Then off I shuffle to work and Get Things Done, all the while learning, learning, learning. Even in just the last two and half months (probation meeting next week – eek!), I’ve taken part in various aspects of agency life that are completely new to me, and stretched creative muscles that had been getting a bit creaky. I suppose using muscles you’ve let go soft builds up a bit of lactic acid – there are always times when it briefly seems Too Much – but they also quickly condition themselves, and you start to come by those ideas faster, develop them a little better, feel your initiative jerking up a gear.

Then back home again, and if I’m lucky I’ll be back just in time for my other favourite part of the home day: bedtime. She’ll have had a bath, and I’ll be there to read One Fish, Two Fish, Red Fish, Blue Fish or Meg and Mog or Oh, The Thinks You Can Think (this week’s choices) followed by snuggling down in her big bed and then singing. We have to have Hungry, Hungry, the alphabet, Baa Baa Black Sheep and Twinkle Twinkle Little Star; Ramona generally sings comedy versions where all the words are ‘Mummy’ or some are replaced by blowing raspberries. She’ll make a great stand up comic one day, if fart noises are your kind of thing.

Days when I work from home, I get to pick her up from nursery and have extra play and reading time together. This is immeasurably precious.

Yet even when I’m with Ramona, in those wonderful few hours, or at weekends, I’m too often weirdly attached to my phone, or trying to do ten things at once. I can’t switch off one brain for another. I’ve got so used to multitasking, I try to do it constantly, phone in hand, one eye on a screen.

And then I eat, and collapse. I’m not exercising enough – I’ve started going for brisk lunchtime walks on the days I work from home, and that’s helped, plus I insist on getting away from my desk for some air every day now that the weather isn’t totally arctic. I do have a little extra time, especially the one day a week Ramona stays the night with grandparents, and I have from 8pm to 10pm every night once she’s asleep. But somehow, all I fill that time with at the moment is… nothing. Or, at least, not the things I really love doing.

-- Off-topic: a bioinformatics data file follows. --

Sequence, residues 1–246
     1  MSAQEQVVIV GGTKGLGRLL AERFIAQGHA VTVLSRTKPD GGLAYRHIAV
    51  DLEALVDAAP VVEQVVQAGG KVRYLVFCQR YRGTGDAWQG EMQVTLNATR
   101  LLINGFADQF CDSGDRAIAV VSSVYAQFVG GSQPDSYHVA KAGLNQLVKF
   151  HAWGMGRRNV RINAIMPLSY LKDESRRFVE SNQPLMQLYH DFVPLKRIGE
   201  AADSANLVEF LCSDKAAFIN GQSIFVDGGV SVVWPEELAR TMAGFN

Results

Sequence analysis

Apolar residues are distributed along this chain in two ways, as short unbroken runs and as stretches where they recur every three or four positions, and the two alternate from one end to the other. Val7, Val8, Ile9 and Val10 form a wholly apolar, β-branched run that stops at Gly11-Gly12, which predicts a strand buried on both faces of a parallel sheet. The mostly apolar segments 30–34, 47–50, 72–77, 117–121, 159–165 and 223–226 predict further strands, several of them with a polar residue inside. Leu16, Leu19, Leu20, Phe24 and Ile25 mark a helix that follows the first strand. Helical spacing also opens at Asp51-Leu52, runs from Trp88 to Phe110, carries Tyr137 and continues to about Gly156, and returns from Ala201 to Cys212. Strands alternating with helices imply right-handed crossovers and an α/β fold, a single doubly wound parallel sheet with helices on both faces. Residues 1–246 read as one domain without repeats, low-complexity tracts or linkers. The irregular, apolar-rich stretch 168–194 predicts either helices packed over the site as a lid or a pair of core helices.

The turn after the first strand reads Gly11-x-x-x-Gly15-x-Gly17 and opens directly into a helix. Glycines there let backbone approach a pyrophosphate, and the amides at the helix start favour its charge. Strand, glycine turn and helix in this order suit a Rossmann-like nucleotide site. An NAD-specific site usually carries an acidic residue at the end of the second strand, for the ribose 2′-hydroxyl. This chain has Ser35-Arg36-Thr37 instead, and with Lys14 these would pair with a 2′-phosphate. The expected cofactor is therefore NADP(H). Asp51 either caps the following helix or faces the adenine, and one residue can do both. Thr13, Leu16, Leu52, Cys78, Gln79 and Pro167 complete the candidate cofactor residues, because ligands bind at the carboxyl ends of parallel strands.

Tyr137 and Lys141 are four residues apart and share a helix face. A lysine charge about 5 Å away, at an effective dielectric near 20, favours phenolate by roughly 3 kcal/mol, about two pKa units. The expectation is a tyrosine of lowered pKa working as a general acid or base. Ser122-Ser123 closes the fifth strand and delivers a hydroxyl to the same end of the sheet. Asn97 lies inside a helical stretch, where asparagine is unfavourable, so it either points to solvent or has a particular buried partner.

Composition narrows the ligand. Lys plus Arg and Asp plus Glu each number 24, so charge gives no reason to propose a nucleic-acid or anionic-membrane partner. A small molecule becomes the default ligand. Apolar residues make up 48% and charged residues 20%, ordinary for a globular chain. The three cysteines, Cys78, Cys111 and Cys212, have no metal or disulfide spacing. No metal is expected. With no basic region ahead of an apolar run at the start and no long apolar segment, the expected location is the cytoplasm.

I know that if I really wanted to, I’d find time to do those things I mean to do: exercise, draw and paint, write more (especially on here) and, crucially, pay 100% full and undivided attention to Ramona whenever I’m with her – or at least admit I need an hour to myself and go and sit elsewhere and get whatever it is done before coming back to again commit myself to her. As I’m doing now, actually, with one ear on her playing and reading happily with her dad. This is not an ‘I’m addicted to technology’ cry for help; it’s an admission that I try desperately hard to be all things to all people, but risk failing the people who matter the most: myself and, most importantly of all, my family. I’ve always been organised and efficient at work, and able to compartmentalise and prioritise; at home, however, I seem to let it all slip to everyone’s detriment, and in spite of an excellent, supportive husband who more than pulls his weight all round.

So taking the time to write this and get this off my chest is the beginning of a shift to being more my work self at home. Bringing the attentiveness and care that I like to pour into my work, and pouring them into family life just as much. To spend more time playing pirates, and painting hands green (there’s a whole other blog post in that one coming soon) or scribbling on this blog, sketching and scrawling, reading, reshaping that novel or catching up with friends.

I made a resolution this January that the theme for this year would be Decisiveness. It’s worked out pretty well so far, so I decide to pay attention to making all the parts of my life work better together. Let’s see how it goes.

*I do hate that term, and I’m enjoying seeing it being used less in general. It’s pretty much the ugly sister to ‘full time mother’. I am Ramona’s mother all the time, even when I am at work in an office. Mothers who don’t work outside the home sure as hell work in it. And both terms rather unpleasantly imply that mothers are the only parents that count.

Portrait of the Toddler as a Pre-Pre-Schooler

Ramona: “I’m going to play baking now. I’m just going to go and get a baking tin and I’ll be back in a sec.”

*trundles back and forth several times getting cookie cutters, squeezy icing bottles, paper cupcake cases and a silicon muffin tray*